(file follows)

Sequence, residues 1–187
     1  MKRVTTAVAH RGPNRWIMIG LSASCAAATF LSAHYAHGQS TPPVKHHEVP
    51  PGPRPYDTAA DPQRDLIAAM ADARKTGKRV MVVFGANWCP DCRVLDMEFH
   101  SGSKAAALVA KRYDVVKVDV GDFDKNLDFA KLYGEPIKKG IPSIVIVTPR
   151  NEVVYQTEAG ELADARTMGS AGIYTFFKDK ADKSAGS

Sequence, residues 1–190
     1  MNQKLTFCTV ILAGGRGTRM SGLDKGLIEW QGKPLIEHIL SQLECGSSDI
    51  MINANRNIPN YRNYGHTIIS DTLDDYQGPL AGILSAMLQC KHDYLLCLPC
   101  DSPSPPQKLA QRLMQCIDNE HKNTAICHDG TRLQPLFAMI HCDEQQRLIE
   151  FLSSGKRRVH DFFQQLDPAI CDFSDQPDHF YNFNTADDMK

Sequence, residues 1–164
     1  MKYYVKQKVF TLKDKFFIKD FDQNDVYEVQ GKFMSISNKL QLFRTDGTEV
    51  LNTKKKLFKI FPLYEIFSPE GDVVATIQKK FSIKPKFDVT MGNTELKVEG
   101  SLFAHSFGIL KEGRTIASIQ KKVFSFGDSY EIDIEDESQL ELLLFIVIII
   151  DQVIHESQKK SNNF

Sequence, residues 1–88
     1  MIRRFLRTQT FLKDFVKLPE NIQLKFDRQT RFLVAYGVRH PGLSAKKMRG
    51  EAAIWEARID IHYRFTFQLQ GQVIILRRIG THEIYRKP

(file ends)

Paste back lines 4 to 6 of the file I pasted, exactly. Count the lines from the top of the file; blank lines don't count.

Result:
   101  SGSKAAALVA KRYDVVKVDV GDFDKNLDFA KLYGEPIKKG IPSIVIVTPR
   151  NEVVYQTEAG ELADARTMGS AGIYTFFKDK ADKSAGS

Sequence, residues 1–190